Economy//

Five key ideas to build a new economy

Written by: Sonia Sodha on 1 December, 2012
Filed under Economy

There’s a lot of competing objectives for Labour’s developing economic policy to juggle at the moment. First, winning back our reputation for economic credibility, unfairly but successfully shredded by the Tories in the wake of the financial crisis. Second, showing a Labour government will tackle falling living standards at a time when many people haven’t had a pay rise for a couple of years, and families are struggling to keep pace with the escalating energy, childcare and transport costs. And last, setting out an agenda for delivering a more sustainable and inclusive growth – spread more evenly across sectors, regions and groups of employees.

That’s a lot of balls to keep in the air at once. The only way to manage this is to avoid taking a piecemeal approach. Over the last year, the building blocks of a more comprehensive strategy have emerged. The challenge going forward is fitting these together to form a coherent whole. There are five important pieces of this puzzle.

First, a dose of fiscal toughness to boost economic credibility. The 1997 version was of course pledging to stick to Tory spending plans. This could well be put back on the table for 2015 – but it’s difficult to make this kind of commitment now, given growth forecasts have been downgraded for this year and next, and it’s hard to know what the economy will be doing beyond that. An alternative for now would be to announce something symbolic that shows Labour is prepared to be tough with the public finances. It needs to be painful to do the trick – if it’s easy, it defeats the object – and to be something the coalition aren’t cutting.

Second, we need a macroeconomic strategy that recognises there were imbalances in the economy in the run up to the crisis. Dan Corry, Brown’s former economic adviser, has argued we can’t look at the public sector deficit in isolation: it needs to be understood alongside the emergence of a permanent corporate sector surplus since 2002, reflecting a lack of private sector investment. He’s suggested a new golden rule that would make bringing down the corporate surplus a legitimate goal of economic policy alongside reducing the public sector deficit. Others have suggested the Bank of England should be targeting asset-price bubbles alongside inflation through monetary policy.

Third, there needs to be a reassessment of the relationship between the economy and our public services. Increasing the earning potential of second earners holds the key to improving living standards for many families. But escalating childcare costs are preventing many women from entering work in the first place or working as much as they would like. At the other end of the life cycle, there are the costs of social care, with a growing number of families caught in a ‘care crunch’, simultaneously facing the need to care for children and elderly parents. Increasing childcare and social care provision would require some very tough choices, either by shifting the overall balance between cash transfers and services in the welfare state, or by reallocating spend from other public services. But as Nick Pearce and Gavin Kelly have argued, a Labour government must not shy away from taking difficult decisions about how to reconfigure the welfare state in the best interests of today’s economy and society.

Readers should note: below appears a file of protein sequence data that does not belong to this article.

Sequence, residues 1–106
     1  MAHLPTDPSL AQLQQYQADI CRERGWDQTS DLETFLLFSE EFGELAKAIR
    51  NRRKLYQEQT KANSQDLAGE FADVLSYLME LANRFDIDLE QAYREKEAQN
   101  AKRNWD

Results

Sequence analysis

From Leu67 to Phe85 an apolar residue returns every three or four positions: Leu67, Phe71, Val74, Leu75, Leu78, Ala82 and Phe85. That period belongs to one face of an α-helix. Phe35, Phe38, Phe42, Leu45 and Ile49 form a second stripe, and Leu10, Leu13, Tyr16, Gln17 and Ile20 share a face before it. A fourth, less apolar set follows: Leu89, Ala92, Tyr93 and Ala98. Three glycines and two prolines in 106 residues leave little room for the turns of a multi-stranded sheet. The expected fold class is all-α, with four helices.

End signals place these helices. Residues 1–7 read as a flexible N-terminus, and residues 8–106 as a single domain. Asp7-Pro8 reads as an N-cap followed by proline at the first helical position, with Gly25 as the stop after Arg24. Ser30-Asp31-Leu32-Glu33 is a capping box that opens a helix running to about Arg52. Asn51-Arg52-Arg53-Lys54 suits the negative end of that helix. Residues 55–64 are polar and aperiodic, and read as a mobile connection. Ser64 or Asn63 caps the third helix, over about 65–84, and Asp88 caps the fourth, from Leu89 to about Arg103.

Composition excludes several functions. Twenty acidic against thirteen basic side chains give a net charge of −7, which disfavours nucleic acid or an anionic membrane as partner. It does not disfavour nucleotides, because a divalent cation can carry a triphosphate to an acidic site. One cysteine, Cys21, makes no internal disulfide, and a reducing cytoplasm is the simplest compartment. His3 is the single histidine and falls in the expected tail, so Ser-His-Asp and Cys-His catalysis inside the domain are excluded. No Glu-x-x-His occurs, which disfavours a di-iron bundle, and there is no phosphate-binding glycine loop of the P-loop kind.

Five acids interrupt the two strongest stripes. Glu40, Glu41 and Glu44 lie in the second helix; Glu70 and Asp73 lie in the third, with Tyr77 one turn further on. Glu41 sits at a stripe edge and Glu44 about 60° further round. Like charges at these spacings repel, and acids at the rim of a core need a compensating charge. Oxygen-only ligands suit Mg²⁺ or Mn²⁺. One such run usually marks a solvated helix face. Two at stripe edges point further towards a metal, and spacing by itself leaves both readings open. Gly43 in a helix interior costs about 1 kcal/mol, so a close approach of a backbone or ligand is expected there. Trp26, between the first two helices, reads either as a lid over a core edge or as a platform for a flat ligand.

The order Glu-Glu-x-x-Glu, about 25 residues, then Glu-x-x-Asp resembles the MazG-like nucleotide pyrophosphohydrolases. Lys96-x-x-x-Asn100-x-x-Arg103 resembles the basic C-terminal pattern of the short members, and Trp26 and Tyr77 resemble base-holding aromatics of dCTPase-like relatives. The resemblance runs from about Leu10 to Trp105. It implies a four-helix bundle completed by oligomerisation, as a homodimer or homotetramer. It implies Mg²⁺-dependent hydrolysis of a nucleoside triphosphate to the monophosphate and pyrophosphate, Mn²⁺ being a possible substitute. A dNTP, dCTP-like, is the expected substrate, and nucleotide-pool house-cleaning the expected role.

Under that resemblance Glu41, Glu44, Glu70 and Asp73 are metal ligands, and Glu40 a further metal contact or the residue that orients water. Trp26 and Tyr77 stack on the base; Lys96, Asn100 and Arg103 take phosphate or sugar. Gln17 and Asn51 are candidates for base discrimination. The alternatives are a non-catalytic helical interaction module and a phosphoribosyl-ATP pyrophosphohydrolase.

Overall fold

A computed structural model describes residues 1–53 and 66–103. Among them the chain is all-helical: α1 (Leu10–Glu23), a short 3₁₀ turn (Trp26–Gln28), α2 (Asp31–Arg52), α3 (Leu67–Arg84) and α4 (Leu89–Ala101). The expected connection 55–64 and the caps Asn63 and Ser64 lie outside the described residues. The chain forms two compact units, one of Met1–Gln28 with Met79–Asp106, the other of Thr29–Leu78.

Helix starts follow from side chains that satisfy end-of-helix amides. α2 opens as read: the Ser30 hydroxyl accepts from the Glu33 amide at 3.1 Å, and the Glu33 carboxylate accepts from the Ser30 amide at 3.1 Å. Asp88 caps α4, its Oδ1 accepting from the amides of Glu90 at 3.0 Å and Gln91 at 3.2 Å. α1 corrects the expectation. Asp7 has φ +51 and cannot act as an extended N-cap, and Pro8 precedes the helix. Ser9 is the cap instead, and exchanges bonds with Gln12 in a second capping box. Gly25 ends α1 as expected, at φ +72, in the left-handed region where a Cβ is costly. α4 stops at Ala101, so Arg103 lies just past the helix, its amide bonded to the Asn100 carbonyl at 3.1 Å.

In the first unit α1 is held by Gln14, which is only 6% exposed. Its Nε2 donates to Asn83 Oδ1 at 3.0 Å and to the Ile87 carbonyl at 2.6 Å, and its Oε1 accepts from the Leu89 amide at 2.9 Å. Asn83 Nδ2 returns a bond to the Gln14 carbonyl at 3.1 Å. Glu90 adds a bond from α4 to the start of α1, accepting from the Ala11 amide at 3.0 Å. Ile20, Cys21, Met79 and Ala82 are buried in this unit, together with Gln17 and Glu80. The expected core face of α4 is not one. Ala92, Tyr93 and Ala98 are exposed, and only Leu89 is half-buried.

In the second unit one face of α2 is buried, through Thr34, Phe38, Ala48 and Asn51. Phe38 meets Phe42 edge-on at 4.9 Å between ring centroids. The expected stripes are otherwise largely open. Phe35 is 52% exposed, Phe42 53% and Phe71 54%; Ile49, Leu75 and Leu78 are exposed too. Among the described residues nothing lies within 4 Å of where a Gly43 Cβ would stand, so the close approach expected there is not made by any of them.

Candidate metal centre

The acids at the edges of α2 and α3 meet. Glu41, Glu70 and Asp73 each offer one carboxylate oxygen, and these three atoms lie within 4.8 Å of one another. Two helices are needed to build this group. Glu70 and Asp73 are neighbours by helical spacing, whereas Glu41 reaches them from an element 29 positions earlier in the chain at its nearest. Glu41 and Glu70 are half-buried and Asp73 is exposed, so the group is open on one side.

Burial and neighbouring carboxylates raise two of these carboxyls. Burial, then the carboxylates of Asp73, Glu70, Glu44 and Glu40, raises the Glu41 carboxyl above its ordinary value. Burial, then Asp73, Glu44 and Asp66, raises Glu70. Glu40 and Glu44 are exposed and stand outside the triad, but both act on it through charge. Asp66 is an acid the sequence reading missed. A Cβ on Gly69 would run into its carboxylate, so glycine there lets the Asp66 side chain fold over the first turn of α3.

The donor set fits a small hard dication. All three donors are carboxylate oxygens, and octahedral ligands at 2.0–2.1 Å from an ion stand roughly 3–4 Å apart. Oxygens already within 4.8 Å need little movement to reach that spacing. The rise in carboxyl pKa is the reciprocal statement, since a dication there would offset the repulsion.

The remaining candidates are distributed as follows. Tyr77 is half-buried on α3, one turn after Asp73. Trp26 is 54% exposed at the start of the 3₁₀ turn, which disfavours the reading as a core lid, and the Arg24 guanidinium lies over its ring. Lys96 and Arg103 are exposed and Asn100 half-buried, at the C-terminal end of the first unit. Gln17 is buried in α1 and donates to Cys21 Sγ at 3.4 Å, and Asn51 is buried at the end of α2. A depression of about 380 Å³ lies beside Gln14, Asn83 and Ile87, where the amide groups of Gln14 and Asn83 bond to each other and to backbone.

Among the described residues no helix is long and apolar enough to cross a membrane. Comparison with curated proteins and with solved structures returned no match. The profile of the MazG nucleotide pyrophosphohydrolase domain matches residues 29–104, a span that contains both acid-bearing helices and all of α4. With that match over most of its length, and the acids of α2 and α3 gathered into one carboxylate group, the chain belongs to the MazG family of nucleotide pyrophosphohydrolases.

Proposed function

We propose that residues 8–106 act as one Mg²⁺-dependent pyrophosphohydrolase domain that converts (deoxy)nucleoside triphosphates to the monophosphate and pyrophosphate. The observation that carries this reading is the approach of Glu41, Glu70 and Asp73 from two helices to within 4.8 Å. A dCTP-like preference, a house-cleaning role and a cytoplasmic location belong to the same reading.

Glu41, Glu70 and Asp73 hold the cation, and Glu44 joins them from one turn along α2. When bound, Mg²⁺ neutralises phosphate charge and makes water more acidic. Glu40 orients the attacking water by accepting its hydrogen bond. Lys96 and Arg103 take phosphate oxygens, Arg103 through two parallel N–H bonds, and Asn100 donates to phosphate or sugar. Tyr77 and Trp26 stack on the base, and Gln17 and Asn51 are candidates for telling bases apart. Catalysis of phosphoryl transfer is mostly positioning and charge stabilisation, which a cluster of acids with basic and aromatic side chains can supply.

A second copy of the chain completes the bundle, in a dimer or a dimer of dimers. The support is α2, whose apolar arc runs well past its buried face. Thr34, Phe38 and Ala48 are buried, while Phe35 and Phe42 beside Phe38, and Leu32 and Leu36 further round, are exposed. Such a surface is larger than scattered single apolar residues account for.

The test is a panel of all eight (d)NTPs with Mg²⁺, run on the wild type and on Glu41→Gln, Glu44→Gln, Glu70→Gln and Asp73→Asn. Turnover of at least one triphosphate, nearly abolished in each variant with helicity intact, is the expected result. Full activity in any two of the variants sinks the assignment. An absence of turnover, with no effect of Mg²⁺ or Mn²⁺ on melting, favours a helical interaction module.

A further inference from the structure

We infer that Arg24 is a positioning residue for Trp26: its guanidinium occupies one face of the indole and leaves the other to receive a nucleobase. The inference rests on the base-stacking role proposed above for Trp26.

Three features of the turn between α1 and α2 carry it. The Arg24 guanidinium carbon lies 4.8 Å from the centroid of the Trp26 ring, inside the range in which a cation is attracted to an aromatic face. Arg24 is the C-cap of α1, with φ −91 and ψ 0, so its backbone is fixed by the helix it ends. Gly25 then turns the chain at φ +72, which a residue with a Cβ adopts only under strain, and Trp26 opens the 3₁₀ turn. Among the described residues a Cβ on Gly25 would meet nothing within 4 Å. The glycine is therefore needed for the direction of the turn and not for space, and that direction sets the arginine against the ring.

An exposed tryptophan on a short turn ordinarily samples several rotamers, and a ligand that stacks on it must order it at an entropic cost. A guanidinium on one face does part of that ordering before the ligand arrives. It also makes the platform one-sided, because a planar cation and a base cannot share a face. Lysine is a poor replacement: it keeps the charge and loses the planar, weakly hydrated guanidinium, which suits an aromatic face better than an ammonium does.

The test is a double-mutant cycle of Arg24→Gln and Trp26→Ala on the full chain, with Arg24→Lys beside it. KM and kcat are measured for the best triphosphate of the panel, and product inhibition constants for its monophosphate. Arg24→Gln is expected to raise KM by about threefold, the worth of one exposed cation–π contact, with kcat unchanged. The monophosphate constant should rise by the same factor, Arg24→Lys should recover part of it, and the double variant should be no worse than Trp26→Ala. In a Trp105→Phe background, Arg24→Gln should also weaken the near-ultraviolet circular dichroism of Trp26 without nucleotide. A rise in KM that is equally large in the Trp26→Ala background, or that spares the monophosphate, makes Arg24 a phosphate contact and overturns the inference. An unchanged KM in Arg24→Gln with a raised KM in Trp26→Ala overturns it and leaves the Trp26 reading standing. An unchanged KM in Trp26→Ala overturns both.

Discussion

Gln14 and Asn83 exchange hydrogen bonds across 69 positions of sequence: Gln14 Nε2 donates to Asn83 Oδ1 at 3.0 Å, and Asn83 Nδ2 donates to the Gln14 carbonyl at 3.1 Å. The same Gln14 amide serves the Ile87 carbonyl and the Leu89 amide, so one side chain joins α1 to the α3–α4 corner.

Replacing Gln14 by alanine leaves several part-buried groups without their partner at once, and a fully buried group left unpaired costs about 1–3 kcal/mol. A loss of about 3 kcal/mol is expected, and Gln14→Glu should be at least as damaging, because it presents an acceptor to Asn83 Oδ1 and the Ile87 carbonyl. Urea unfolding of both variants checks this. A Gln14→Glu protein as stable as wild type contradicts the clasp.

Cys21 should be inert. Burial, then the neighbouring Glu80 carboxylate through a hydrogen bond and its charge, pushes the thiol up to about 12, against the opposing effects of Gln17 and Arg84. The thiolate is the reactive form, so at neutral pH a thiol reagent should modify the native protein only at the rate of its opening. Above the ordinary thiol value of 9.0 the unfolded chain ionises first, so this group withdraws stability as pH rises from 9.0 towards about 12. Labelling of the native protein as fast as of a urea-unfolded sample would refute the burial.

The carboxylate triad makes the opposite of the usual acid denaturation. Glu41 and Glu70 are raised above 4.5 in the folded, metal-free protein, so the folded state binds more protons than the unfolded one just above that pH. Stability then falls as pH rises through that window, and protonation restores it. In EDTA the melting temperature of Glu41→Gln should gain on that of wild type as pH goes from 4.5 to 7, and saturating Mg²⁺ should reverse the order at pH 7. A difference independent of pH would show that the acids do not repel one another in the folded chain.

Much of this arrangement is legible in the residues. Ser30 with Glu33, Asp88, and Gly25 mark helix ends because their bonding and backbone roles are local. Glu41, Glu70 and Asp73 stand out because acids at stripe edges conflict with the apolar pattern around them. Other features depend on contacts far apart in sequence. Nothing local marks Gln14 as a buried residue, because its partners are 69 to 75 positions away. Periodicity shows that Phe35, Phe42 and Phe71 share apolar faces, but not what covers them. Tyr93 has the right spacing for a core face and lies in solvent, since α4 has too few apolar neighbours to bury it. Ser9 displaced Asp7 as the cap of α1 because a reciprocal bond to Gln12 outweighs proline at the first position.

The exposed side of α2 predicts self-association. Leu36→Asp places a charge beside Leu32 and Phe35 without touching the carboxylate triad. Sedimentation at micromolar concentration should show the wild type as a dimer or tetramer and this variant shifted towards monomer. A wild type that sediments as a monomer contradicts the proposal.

Fourth, we need to once-and-for-all ditch the quintessentially British queasiness about industrial activism. Of course, industrial policy done badly is a waste of money – the dismal losses made by state-backed venture capital funds in the last twenty years are testament to that. But there are notable successes elsewhere in the world, such as the US’s hugely-successful programmes of state-backed investment for small businesses and innovation-based procurement. New investment will need to be funded from cuts elsewhere, but quantity is not always quality – for example, more effectively using the government’s power as the UK’s biggest consumer through procurement policy does not come with a big price tag. With industrial policy, however, the devil is always in the detail of execution. It will require a big culture and capability shift in Whitehall, in particular in how civil servants understand and interact with the private sector.

Fifth, we need more accountability in the economy. Excessive risk-taking within the financial sector, the growing inequality between the very top and the rest, and short-termism and lack of investment are all to some extent symptoms of an accountability deficit. Over the last thirty years, too much power has accrued with big global corporations, and not enough with those who work for them, who save with them, who own them through their pensions and who buy from them. This lack of accountability makes it more likely markets will deliver outcomes requiring correction, like low wages, high energy bills and low levels of investment. Addressing this is partly about changing the rules of how capitalism work – for example reforming corporate governance to give employees more of a voice on company boards, better regulating the energy market and breaking up the retail and investment arms of the banks. But it is also about building the institutions that can empower people as employees, savers and consumers, such as trade unions, credit unions and consumer associations.

There’s a lots of detail to be worked out, and some unavoidably tough choices. But if the policy review can successfully bring together these components, there’s a good chance it can achieve the impressive feat of keeping all the balls juggling.